Delta CEO joins push for extension of federal aid for airlines

Delta Air Lines CEO Ed Bastian speaks during Delta Air Lines profit sharing event at Delta TechOps in Atlanta, Friday, Feb. 14, 2020. (ALYSSA POINTER/ALYSSA.POINTER@AJC.COM)

Delta Air Lines CEO Ed Bastian speaks during Delta Air Lines profit sharing event at Delta TechOps in Atlanta, Friday, Feb. 14, 2020. (ALYSSA POINTER/ALYSSA.POINTER@AJC.COM)

Delta Air Lines CEO Ed Bastian is joining the push for an extension of the federal aid that’s helping carriers to ride out billions of dollars in losses due to the coronavirus pandemic.

Airline unions and some carriers have been advocating for Congress to extend CARES Act funding for airlines to cover payroll. Passenger airlines got $25 billion in rescue funds from the bill passed in late March. In accepting the money, the airlines agreed to furlough restrictions that are set to end Sept. 30. Delta got $5.4 billion and applied for access to $4.6 billion more in in federal loans for coronavirus relief.

On a Washington Post livestream interview Monday, Bastian said, “I think everyone in our industry is supportive” of an extension.

“The CARES Act was incredibly successful,” Bastian said.

He said Delta is looking for “a clean extension” meaning another six months of aid, which would include the same restrictions on worker furloughs. “We’d be in full support of that.”

In remarks on NPR’s “All Things Considered” last week, Bastian said he didn’t know the likelihood of airlines receiving more aid. What’s really needed, he said, is for people to start flying again. “Instead of more government support, we need demand back. We need a medical cure. We need a vaccine. We need therapeutics. And I think that’s probably where any government focus ought to go.”

But, with economic recovery stalled as the coronavirus spreads, the push for more federal aid has ramped up.

The Air Line Pilots Association wrote a letter last month urging Congress to extend the Payroll Support Act for airlines through March 31, 2021, “in order to stop preventable mass job loss and ensure pilots and other airline employees can provide the capacity the industry needs to bounce back quickly when the pandemic recedes.”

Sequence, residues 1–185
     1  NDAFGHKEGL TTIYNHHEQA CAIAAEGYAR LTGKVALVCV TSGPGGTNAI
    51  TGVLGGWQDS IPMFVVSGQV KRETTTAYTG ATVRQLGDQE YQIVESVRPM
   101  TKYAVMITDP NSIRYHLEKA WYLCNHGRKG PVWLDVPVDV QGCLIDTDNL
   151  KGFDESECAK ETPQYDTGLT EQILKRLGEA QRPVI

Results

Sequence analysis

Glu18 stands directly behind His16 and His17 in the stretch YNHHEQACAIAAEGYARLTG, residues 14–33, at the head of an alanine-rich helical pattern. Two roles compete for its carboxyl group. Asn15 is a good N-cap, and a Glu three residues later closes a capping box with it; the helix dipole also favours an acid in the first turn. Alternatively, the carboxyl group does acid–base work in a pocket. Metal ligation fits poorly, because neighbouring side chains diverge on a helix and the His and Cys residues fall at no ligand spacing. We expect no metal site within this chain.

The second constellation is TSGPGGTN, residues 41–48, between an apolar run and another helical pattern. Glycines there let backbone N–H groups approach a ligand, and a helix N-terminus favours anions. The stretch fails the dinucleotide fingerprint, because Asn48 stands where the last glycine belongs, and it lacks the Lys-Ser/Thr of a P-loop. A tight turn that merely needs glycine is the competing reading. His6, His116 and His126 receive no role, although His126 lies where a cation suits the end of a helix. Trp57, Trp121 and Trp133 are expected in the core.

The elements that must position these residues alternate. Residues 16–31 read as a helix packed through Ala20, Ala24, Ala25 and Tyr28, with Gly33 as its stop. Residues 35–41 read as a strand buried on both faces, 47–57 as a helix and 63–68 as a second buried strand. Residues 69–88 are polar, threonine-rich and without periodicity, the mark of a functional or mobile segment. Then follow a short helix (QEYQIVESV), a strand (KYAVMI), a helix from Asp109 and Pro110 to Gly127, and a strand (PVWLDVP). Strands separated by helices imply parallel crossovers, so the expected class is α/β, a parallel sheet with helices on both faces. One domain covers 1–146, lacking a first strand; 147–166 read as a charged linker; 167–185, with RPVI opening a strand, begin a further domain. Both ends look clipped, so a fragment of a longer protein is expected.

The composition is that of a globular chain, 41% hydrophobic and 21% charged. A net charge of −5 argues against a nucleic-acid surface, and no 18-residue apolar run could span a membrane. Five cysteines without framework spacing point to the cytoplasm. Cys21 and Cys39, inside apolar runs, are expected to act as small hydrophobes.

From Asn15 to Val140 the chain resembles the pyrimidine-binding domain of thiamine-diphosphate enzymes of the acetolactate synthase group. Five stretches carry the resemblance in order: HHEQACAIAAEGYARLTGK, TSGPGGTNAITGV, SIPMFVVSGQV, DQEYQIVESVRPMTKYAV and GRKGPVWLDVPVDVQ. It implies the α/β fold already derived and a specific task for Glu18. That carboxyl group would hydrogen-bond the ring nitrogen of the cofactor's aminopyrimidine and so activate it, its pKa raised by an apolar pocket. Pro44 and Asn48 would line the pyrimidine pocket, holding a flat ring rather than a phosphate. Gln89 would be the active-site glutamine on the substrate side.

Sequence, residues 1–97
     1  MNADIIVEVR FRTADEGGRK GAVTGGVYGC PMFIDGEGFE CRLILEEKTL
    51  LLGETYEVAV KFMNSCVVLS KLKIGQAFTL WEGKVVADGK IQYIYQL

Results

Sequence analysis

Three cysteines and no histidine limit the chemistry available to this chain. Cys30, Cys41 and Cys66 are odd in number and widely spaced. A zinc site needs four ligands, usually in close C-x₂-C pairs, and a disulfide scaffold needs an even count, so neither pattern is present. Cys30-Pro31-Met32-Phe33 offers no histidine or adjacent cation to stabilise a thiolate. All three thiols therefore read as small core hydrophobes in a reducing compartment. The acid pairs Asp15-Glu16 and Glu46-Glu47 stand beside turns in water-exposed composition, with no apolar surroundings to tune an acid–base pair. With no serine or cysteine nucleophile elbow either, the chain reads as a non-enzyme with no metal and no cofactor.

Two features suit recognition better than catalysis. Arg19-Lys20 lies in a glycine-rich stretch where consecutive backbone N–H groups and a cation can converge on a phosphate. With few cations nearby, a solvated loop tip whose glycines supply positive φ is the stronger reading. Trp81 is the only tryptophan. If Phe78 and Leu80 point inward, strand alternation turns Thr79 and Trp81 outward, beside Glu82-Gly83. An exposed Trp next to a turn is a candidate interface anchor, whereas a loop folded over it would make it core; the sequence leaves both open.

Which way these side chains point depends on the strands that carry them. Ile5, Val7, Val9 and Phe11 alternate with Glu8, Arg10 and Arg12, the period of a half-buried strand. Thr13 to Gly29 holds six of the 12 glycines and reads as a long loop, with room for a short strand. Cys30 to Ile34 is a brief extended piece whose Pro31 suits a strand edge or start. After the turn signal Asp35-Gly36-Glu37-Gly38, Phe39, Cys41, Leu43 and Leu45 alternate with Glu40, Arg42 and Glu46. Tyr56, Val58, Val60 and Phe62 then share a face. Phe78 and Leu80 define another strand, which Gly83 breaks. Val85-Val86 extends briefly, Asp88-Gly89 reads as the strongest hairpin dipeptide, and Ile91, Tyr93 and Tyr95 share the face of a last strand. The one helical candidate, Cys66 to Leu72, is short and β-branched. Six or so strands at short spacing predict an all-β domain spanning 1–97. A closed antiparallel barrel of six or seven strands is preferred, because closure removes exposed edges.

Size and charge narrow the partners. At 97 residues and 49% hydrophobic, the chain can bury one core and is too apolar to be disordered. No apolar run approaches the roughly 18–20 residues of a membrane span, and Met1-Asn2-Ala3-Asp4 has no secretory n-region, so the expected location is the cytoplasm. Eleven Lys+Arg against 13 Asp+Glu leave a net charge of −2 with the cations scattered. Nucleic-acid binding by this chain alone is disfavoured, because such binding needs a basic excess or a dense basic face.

Delta is cutting its workforce through voluntary measures, including more than 17,000 workers taking buyouts and early retirements and more than 40,000 taking voluntary unpaid leaves.

Other airlines, too, have responded to the pandemic by relying on mostly voluntary measures to cut their workforce. Delta has also cut workers’ hours and total pay.

With non-union flight attendants and ground workers, Delta has “a lot of flexibility” and is working on ways to spread out work among its remaining employees, Bastian said.

Delta flight attendants have been helping to put together snack bags for passengers, for example. And, Bastian said, the airline will have its staff in airport terminals take on work such as pushing wheelchairs and helping with cabin cleaning, duties that are normally handled by contractors.

The issue for pilots — who are more highly paid, unionized and can earn hundreds of thousands of dollars a year — is more difficult, according to Bastian. The company warned some pilots of potential furloughs but is negotiating with its pilots union on other cost cutting measures.

Bastian said the company has brought its costs down more than 50%. “I don’t think we can take our costs down that much lower,” he said. If demand doesn’t improve as much as earlier expected, it could take the airline until the first quarter of next year before it stops burning through millions of dollars a day and reaches a break-even point, he added,

The company has raised capital through financing to build up about $16 billion in reserves and has “the cash and capital to get through the worst of this period of time,” he said.